People tend to dismiss the idea of creating an estate plan if they don't have complex assets or divisive family relationships. Often, they assume that the state laws will suffice when it comes to determining what should happen to their property, debts and other end-of-life matters.
Discussing estate plans or end-of-life wishes can be uncomfortable for a lot of people. But there are unfortunate consequences of not having these conversations with loved ones, so it is wise to talk about estate planning with them - especially your adult children.
If you have a will and other estate planning documents in place, you have taken a major step toward protecting your wishes, your assets and your loved ones in the event that you get sick or pass away. Having these documents in place can be incredibly valuable when it comes to making some difficult decisions.
Estate planning can be an easy thing to put off. People get distracted or uncomfortable; they think they don't need to worry about things like wills until they are much older or battling a serious illness.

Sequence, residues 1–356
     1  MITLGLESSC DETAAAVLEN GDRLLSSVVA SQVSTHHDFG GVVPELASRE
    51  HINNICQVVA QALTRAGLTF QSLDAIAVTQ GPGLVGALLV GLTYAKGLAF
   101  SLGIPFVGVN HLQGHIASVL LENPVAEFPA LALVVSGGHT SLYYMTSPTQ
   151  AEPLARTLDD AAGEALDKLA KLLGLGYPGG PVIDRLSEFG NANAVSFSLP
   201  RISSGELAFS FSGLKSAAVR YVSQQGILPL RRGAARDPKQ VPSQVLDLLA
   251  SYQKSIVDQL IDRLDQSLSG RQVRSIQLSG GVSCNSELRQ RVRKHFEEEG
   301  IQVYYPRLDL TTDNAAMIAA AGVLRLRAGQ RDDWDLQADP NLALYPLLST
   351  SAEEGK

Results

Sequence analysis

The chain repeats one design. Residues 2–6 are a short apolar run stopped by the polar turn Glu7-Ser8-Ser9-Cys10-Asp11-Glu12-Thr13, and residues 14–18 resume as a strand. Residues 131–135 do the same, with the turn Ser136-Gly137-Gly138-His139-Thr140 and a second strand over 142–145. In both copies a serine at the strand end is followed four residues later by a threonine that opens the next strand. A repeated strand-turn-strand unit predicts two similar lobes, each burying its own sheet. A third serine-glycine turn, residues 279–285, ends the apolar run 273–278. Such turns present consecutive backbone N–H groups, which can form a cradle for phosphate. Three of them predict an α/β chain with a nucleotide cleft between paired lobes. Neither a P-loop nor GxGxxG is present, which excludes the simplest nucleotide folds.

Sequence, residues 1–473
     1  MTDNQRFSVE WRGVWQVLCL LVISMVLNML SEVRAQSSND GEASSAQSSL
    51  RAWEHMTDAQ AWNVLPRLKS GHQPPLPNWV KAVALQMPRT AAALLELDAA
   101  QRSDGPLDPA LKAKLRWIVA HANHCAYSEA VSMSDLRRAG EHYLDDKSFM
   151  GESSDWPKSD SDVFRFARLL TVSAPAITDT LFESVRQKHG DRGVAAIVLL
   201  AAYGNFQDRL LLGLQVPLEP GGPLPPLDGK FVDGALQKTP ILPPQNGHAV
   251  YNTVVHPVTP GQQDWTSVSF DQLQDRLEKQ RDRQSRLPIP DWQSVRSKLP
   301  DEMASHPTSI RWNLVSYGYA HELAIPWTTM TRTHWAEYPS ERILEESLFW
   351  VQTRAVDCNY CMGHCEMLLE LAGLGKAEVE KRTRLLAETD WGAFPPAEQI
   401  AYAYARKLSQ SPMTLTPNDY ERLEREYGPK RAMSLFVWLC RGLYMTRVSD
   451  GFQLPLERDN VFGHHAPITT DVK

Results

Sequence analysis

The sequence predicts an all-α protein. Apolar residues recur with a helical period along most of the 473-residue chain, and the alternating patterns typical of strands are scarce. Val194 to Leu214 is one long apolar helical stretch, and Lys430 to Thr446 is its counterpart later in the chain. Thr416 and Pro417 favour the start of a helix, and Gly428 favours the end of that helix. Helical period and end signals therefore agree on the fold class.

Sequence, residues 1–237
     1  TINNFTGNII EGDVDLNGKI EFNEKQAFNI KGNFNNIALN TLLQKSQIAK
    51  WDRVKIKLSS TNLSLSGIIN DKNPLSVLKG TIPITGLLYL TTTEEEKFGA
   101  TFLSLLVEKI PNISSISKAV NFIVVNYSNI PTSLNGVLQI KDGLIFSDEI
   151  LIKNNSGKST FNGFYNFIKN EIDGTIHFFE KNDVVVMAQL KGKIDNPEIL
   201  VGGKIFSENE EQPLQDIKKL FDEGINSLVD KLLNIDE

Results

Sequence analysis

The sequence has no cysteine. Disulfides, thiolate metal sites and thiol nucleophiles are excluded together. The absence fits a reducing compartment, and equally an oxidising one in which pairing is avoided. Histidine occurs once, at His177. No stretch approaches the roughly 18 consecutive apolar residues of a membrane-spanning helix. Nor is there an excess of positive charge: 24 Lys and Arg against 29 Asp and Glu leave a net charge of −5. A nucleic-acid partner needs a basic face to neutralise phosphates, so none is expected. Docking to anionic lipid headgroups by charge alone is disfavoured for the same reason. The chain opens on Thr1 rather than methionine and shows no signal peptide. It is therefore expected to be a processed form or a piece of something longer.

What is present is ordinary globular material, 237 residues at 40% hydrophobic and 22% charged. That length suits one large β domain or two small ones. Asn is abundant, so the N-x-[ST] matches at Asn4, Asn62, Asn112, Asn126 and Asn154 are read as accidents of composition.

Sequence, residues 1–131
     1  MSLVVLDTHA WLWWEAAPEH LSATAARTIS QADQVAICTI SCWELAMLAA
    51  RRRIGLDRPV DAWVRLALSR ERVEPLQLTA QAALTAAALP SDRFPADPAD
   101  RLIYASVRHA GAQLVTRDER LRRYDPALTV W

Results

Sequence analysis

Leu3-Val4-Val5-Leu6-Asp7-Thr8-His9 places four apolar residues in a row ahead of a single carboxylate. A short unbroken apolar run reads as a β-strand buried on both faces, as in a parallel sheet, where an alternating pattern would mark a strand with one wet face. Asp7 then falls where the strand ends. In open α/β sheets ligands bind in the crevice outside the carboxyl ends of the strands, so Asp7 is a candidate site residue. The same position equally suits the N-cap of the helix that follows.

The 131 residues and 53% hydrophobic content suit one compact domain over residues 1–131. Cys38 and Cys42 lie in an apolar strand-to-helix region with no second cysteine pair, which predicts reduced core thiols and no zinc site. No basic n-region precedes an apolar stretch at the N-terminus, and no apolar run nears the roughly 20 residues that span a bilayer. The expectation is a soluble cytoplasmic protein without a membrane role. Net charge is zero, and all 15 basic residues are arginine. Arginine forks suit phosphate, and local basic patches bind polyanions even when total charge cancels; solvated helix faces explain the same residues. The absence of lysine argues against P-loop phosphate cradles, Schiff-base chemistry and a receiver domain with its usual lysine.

People often think of estate plans as documents to protect a person's assets. And while it is certainly true that an estate plan typically does address numerous financial details of a person's estate, there are other elements to these plans that are even more important than the distribution of assets.
Creating an estate plan is something that people often put off. End-of-life planning makes some people uncomfortable. Others get busy and do not make time for it. However, waiting to create an estate plan could be a mistake.
One of the most common misconceptions about estate planning is that it only involves wills and trusts. However, an estate plan can include numerous documents that protect more than just our assets. For instance, many people have a power of attorney for health care as part of their estate plan.
After someone passes away, it is necessary to resolve matters related to his or her estate. These matters could be financial, legal, personal or logistical. And the person responsible for addressing these details is typically the personal representative named in the decedent's will.
Estate planning is something that many people assume they should wait to do until they are retiring. However, any adult can create an estate plan at any time. As long as someone has values, assets or people they wish to protect with an estate plan, they can start planning.